Of course, this doesn’t really make any difference to the substance of my argument (as it seems you already recognise), given that the US arsenal is still well and truly large enough to wipe us all out. But obviously, it’s always a good thing to get one’s facts straight, and I welcome any corrections!

  
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Alright, as there clearly is at least a question mark over whether the US has the largest active nuclear arsenal (and saying “by far” is almost certainly wrong), I’ve changed my wording to this:

It is also very deeply concerning, when somebody who believes in the rapture – and indeed looks forward to it – can have their finger on the button of one of the two largest nuclear arsenals in the world (an arsenal large enough to destroy the entire human race several times over).

I am quite certain this statement is factually correct, and it doesn’t change my argument one iota!

  
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I didn’t like one of the Democrats tactics to downplay Sarah Palin, even though I am against her political view.: They posted her nice sensuous photos on the internet as a way to defame her. They could have used other ways to defame her, not in this way for sure. I also don’t understand on why voters felt like her losing character by simply wearing a miniskirt and some sensual pics. Are American female politicians not allowed to wear even miniskirts? How Australia? Sachiko.

  
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Hi Anurag,

I strongly disagree with these sorts of tactics as well, and while Australia isn’t as bad as the US, I am very sorry to say that we do have this sort of thing (to a lesser degree) down here as well. It seems that politics is one profession which is still a very long way away from true gender equality.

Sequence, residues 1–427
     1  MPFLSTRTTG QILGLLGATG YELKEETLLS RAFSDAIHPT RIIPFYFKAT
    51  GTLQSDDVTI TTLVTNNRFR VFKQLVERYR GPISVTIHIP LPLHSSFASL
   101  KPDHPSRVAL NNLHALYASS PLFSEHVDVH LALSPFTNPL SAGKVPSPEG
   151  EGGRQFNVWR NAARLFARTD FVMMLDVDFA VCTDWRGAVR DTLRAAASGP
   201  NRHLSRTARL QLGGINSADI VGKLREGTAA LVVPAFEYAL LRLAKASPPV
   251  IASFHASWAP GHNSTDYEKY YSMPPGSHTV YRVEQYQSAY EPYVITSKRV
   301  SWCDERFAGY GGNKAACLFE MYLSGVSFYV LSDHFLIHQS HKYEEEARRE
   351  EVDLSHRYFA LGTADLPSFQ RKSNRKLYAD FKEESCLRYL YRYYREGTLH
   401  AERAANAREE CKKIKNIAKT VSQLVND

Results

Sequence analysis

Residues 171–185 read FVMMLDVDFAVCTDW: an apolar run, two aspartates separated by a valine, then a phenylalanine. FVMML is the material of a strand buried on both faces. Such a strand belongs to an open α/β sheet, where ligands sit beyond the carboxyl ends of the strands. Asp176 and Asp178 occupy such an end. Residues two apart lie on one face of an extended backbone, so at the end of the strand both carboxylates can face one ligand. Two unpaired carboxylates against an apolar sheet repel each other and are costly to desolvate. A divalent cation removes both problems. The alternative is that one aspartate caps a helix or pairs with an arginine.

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Oh, so I see. Looks like life is not so good for females to be a politicians. I am hopeful that there’re now countries in the world where female politicians can able to wear miniskirts and so on.

  
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Obama does indeed have some problems cropping up in regards to the “supporters” of his campaign. These problems are serious — just Google the name “LaRouche” with “Obama” and see what you can dig up. You don’t have to agree with many of Mr. LaRouche’s preferences to get a hint that certain people have plunked down heavy “investments” in this campaign — on both sides of the election ticket, for which they later intend to lay tribute, one way or another. Such tribute most certainly won’t promote the welfare of the common American worker/citizen (and neither would those current bail-out plans for Fannie and Freddie). So much for Dick Nixon’s now-historical benevolent references to a “silent majority”.

Gov. Palin strikes me as an exciting new development in the picture, but that’s strictly a subjective individual impression on my part, that may have developed as comic relief in radical defiance to the grim facts about this currently apparent General Election scenario. My vote might be “none of the above”, save that I might ask this Forum, and Sachiko especially, if there is any known restriction that should prevent people from writing in Hillary Clinton on the ballot, in spite of all that has come to pass? Or does “Freedom of Expression” no longer include write-ins of persons of choice on ballots?

  
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Here’s a great article about the culture warfare the conservative US media is whipping up in support of Sarah Palin.

@Alcove6409 – I guess you could write Hillary Clinton on your ballot form, but I don’t think it would be counted. ;-)